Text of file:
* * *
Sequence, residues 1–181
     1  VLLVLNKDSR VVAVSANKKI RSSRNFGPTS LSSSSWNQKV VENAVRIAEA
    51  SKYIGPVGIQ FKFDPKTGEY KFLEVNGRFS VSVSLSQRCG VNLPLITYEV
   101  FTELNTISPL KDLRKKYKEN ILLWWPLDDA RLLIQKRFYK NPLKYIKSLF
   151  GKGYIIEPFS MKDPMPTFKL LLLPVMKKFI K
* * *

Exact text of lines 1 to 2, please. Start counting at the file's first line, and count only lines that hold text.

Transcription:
Sequence, residues 1–181
     1  VLLVLNKDSR VVAVSANKKI RSSRNFGPTS LSSSSWNQKV VENAVRIAEA